Have you ever come across a raisin, strawberry or chocolate meditation?
Mindfulness has become quite a buzzword recently. If you've been on a course or read a book on the subject you may well have tried a mindful eating exercise. But what is the relevance of such an exercise to our day to day lives?
Here is a seasonal example of a mindful eating meditation (those with nut allergies could substitute by peeling a tangerine):
Take a walnut and some nutcrackers. Hold the walnut in your hand. Imagine that you are a curious alien on an exploratory mission from another planet. You have never encountered anything like this.
Look at it carefully. What does it look like? Notice it’s colour, it’s surface patterns, its shape and size.
What does it feel like? Explore it’s texture, it’s hardness, it’s weight, it’s temperature.
What does it sound like when you tap it on a surface?
Hold it beneath your nose. Does it have a smell? If very little or no smell notice this as well.
Pick up the nutcrackers. Notice how your arm, hand and fingers know what to do. Notice the pressure you need to apply to crack the nut. Notice how your body, and the nutshell, react to this procedure. What does the shell sound like when it cracks?
Separate the nut out from the shell. Hold the nut in your hand and repeat the steps above.
Place it in your mouth. Explore the sensations of having it in your mouth. Now explore it with your tongue. Notice any textures and tastes. Notice your reactions. Notice any intentions such as wanting to bite.
Now take a bite and notice any textures and tastes. Notice your reactions.
Next, follow the sensations as you swallow the chewed nut.
Is there an aftertaste? What’s happening in your mouth now? Do you instinctively anticipate another nut?
This takes the experience of eating a nut to a whole new level. But what are these exercises trying to tell us in the broader scheme of things? Here are some key messages:
The exercise encourages you to focus all your attention on your experience in the here-and-now. By contrast, have you ever driven somewhere familiar in your car and had no recollection whatsoever of the journey? You were on autopilot. You may have been mulling over the past, worrying about the future or entrenched in other unhelpful patterns of thinking. The things we do in autopilot can impact on our emotions and anxiety levels without us even realising. It may sound clichéd but can you practice living more in the moment?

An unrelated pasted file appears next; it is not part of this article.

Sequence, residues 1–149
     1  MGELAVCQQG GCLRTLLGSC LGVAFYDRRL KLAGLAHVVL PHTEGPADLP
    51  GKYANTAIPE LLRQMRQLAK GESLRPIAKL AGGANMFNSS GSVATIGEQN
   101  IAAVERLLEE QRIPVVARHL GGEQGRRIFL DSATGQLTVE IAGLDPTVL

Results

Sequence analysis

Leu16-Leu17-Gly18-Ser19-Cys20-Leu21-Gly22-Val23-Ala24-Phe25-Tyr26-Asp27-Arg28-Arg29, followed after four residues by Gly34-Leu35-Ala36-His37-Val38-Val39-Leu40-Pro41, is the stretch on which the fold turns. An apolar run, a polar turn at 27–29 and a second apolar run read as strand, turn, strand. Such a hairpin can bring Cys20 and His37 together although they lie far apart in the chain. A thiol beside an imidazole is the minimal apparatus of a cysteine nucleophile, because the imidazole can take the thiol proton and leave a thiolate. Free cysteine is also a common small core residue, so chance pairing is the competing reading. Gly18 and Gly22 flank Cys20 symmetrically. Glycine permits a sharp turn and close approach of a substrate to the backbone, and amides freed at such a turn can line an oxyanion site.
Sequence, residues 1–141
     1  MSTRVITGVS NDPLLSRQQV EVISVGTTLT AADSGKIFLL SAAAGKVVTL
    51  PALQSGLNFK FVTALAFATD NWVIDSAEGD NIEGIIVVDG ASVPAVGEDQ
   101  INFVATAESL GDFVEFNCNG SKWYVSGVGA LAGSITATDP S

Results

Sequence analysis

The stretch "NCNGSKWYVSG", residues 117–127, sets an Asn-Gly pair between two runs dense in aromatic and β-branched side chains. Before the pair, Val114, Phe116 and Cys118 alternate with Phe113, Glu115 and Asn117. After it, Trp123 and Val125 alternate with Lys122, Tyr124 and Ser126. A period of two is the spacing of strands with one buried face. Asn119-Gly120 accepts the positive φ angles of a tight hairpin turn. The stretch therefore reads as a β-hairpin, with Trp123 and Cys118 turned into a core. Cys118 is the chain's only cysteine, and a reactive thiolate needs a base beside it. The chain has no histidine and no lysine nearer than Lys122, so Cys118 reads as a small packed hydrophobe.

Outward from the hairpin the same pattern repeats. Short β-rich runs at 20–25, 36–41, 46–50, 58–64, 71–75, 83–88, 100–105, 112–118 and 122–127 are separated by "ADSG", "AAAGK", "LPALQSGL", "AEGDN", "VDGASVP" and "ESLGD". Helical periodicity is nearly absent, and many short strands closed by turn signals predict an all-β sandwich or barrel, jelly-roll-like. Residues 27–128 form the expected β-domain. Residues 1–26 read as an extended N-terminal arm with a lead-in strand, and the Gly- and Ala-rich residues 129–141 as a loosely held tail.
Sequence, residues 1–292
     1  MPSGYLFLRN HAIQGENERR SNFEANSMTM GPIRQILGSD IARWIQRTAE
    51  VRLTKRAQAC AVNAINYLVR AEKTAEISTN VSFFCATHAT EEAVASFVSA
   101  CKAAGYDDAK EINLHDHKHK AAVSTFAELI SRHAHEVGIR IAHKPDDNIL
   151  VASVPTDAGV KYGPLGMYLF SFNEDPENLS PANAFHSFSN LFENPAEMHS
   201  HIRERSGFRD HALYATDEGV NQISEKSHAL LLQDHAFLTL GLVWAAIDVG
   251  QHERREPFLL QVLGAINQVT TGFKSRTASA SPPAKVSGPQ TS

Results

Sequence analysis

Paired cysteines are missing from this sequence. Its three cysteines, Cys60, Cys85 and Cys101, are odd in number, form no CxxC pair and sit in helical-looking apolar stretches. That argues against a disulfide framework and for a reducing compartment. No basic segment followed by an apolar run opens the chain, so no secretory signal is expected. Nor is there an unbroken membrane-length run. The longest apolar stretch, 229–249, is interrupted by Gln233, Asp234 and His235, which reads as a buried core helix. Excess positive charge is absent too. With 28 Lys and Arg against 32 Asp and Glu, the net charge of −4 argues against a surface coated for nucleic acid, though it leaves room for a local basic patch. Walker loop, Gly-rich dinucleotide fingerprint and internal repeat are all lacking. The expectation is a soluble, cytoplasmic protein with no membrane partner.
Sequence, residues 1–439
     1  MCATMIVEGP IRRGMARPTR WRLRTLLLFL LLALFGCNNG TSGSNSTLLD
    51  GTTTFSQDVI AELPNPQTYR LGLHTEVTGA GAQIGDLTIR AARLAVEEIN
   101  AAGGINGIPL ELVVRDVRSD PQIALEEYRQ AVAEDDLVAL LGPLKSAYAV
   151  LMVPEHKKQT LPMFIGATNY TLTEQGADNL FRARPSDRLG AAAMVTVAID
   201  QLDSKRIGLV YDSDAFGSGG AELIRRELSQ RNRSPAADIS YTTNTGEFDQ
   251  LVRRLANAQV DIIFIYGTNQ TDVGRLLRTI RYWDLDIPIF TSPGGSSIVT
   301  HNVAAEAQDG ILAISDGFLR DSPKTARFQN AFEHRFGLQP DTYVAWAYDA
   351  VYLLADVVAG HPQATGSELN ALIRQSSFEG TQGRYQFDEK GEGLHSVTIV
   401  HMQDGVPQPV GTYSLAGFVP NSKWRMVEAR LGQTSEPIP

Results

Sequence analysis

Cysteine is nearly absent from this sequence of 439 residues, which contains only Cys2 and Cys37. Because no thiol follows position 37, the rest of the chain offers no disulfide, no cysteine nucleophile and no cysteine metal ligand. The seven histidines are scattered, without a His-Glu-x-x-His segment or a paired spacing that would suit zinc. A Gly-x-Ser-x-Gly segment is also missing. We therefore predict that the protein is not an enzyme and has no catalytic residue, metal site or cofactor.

In the meditation you were encouraged to hone in on your reactions to the walnut. But how aware are you of your inner emotions, sensations and responses in your everyday life, as they happen? We often find ourselves caught in vicious circles, repeating unhelpful patterns of behaviour or ending up in familiar undesirable situations. Being more aware of how you react to people and events in your life might help you to understand how you get stuck.
As the alien in the exercise you had just landed on earth. You had no preconceptions. You were encouraged to explore the walnut, and your experience of it, with curiosity and without judgement. By contrast, in 'real life' we make many associations. We are often afraid of strong emotions, including anxiety and depression, or frightened by our physical sensations e.g. a racing heart. We might label them as ‘bad’ or ‘wrong’ or feel ashamed of them. We may try to push them away, deny them or distract ourselves. These reactions can worsen the discomfort or distress that we feel. Instead, could you sit with the difficult feelings/sensations without trying to label or change them? Some people find that when they can take a more objective look within and say “This is how I’m feeling at the moment and it’s okay to feel like this” the strong emotion or sensation loses its power.
This may all sound very idealistic. We aren’t aliens, or robots! But mindfulness invites us to incorporate some ancient eastern wisdom into our lives and the mindful cracking of a walnut can be a powerful metaphor.